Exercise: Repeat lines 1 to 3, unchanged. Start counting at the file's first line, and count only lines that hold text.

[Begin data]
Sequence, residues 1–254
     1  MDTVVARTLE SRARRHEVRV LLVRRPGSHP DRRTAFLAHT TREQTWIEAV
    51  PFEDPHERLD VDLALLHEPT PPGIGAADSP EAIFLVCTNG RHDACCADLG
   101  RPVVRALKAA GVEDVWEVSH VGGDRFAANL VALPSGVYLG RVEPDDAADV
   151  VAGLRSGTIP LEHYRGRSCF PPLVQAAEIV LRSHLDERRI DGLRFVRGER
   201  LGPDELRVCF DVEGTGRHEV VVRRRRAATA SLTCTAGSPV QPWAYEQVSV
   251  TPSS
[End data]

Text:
Sequence, residues 1–254
     1  MDTVVARTLE SRARRHEVRV LLVRRPGSHP DRRTAFLAHT TREQTWIEAV
    51  PFEDPHERLD VDLALLHEPT PPGIGAADSP EAIFLVCTNG RHDACCADLG